Our second destination in India was Goa, known as the original hippie town, attracting backpackers since the end of the 1960s. A perfect place to relax and “take it easy”. Although the atmosphere of spirituality, smoking pot around the campfire and full moon parties was still there, it also felt like a place overwhelmed by decades of mass tourism. The small streets were packed with western travellers, mostly British. The little shops and markets were designed to sell things to these day-trippers and felt less authentic than we might have hoped for. The pubs were offering dishes that didn’t come close to the regional, traditional recipes we had tried in Mumbai. Luckily, our cabin was located on the beach away from the main party street, offering a breath-taking view over blue water waves and white sand.
Our first day at the beach was very relaxing. We read chapter after chapter of our favourite books, while ordering coconuts and fresh juices. Our night was a little less peaceful however. We arrived back at the cabin at dusk and didn’t notice a big fat toad sitting on top of our doorknob. When I reached out to open the door, it suddenly came to life. I jumped backwards with a shriek. Its slimy, brownish feet moved slowly towards the window, taking that repelling body along. I quickly opened the door and ran inside, under the impression that the toad was safely left out on the terrace. However, a moment later I found it hanging vertically on the wall next to my bed. I wondered if he was poisonous and had it out for me. I imagined what it was like to try and catch it. Maybe he would quickly jump in my suitcase and nestle somewhere in between my bras, or jump straight on top of my head and get stuck in my hair. All in all, I wasn’t very comfortable with the idea of chasing the toad around, but neither was I with sleeping next to him. I pondered over my options, when I saw my mum wave at me through the window. She was standing with a grey-haired man outside on the terrace, whom she introduced to me as ‘Timothy, the toad catcher’. My mum is the kind of woman who can smile and get anyone to catch poisonous animals for her. Timothy rolled up his sleeves and without hesitation went for it. Seconds later he had put the toad out on the grass in the open-air and kindly gave him back his freedom – and us a good night sleep.
Well, for at least half a night. At around 3 am we woke up from the sound of some heavy animal jumping on the roof of our cabin. We wondered what animal it could be, as we heard human-like steps going back and forth. I mentally checked whether I had closed all the windows or openings to our cabin, when I heard skipping sounds above my head. The wooden roof started to tremble, but luckily held its own. The next morning at breakfast we concluded that it had probably been a monkey, but I guess we’ll never know for sure.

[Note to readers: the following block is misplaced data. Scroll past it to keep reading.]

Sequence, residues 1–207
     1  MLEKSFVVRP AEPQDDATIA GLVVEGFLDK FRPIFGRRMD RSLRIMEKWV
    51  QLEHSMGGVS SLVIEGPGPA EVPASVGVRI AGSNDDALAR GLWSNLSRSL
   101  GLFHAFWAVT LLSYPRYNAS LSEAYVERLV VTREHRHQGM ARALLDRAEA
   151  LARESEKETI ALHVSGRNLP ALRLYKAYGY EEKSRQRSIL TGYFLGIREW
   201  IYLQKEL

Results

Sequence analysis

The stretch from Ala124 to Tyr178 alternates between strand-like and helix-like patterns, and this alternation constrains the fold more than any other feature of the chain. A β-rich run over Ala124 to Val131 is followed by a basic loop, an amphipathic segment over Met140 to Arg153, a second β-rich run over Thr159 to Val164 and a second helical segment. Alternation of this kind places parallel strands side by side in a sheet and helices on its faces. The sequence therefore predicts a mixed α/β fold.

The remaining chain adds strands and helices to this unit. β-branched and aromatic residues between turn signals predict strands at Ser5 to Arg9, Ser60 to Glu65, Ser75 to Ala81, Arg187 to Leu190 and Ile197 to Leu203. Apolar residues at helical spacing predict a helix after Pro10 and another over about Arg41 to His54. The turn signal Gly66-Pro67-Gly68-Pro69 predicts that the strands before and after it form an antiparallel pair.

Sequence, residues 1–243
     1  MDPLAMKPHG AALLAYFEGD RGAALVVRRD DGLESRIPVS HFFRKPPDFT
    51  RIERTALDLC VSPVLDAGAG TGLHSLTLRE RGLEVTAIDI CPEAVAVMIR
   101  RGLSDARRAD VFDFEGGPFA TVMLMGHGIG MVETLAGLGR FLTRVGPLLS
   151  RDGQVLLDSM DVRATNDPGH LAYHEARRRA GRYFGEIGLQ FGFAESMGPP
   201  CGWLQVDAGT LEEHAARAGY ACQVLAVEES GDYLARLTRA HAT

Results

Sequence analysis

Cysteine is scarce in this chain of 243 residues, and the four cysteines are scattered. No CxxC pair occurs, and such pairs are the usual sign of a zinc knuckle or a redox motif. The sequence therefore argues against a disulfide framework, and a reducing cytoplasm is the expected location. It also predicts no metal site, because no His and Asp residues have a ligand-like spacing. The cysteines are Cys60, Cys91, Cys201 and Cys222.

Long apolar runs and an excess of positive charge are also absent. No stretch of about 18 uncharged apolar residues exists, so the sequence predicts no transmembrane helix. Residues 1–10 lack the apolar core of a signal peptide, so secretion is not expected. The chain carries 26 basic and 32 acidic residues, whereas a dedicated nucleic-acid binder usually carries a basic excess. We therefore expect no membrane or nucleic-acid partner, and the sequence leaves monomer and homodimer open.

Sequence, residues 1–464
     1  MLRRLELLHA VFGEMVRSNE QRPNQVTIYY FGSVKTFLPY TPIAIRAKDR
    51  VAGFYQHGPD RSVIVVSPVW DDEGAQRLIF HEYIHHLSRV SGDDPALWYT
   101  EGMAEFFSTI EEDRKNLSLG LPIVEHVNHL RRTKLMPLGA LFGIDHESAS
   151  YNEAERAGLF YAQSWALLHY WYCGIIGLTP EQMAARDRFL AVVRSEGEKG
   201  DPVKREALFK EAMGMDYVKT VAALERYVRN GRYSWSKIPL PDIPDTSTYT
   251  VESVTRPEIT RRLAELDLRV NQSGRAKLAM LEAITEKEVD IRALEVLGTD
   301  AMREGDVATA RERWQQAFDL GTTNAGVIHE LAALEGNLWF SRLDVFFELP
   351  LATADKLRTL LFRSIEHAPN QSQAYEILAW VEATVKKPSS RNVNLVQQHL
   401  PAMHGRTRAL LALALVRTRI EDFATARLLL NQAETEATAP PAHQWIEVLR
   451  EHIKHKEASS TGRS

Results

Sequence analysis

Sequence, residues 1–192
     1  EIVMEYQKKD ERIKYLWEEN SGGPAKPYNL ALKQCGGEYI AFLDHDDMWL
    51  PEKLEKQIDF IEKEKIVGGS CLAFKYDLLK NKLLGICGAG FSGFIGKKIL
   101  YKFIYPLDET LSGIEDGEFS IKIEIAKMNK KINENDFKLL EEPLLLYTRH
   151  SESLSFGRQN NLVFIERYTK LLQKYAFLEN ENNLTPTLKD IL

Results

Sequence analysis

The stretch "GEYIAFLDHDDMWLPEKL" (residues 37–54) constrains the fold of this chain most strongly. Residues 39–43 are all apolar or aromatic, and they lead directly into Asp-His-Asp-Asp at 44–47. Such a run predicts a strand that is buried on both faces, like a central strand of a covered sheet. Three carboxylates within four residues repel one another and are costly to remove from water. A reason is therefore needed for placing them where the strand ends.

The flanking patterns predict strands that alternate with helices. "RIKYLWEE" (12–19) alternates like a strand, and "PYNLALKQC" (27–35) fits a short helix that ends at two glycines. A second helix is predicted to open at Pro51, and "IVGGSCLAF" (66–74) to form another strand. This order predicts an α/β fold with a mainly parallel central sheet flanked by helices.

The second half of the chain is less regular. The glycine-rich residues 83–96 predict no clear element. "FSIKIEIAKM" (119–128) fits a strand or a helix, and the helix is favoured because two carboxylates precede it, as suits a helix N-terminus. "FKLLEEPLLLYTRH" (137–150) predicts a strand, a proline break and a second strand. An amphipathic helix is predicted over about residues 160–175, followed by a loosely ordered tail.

The next day I got an Indian massage recommended by the resorts’ staff (what else do you need after all the stress from those animal attacks). Since it had been recommended to me, I decided to go for a full hour, rather than the standard thirty minutes. This was the worst mistake I could have made. I tend to find that there is nothing more relaxing than a good massage, leaving your muscles relaxed and your mind stress free, but this massage was nothing like that! There was absolutely nothing relaxing and stress-free about it; in fact, it is very stressful having to think of ways to distract your mind from the pain that your body is going through! Muscles I didn’t even know existed were being punched and bruised, and when I finally thought it was all done, I got the bonus of a head-slapping and neck-cracking ending. I walked back to the cabin defeated, which I think the masseuse’s 5-year old daughter realised, as she followed me to the cabin and asked whether she could sit on my lap outside on the terrace. She was the sweetest little thing and soon I had forgotten all about what a wicked woman her mother was.
One of our highlights in Goa was going on a dolphin boat tour. Two tour guides took us out on sea in a charming private, painted blue boat. One of the guides was sitting in the back and controlled the engine; the other was standing in front of the boat and peered intensively at the water. We saw four dolphins, of which one baby-dolphin! I realised what a tough job it must be to be a dolphin spotter and trying to follow or anticipate their movements. Often they would briefly surface and then disappear again. To me it felt like a complete gamble trying to predict where they would come to sight again and I rarely guessed correctly. Luckily the spotters knew what they were doing. Somehow they managed to find them time and time again. They would navigate the boat as closely as possible towards the dolphins without frightening them. Whenever we’d be near enough, they would stop the motor of the boat, so we could float around for a while, enjoying the beautiful animals and the sun rays on the water and on our faces. Afterwards, they took the time to bring us to various private beaches; where we could take a dip into the water before going to yet another miraculous place.
The rest of our time in Goa was divided between relaxing by the sea and going for walks on the main hippy street. A red warning flag waved at the beach all the time, but everyone seemed to disregard it and swam anyway. I enjoyed the tepid waves myself, but didn’t go in too deep and dismissed the idea of going snorkelling. Instead we ate massive amounts of foods at every restaurant.
At home a weekend flies by, but – despite all the animals and crazy masseuse ladies – three days in Goa gave me back all the energy I felt I had lost.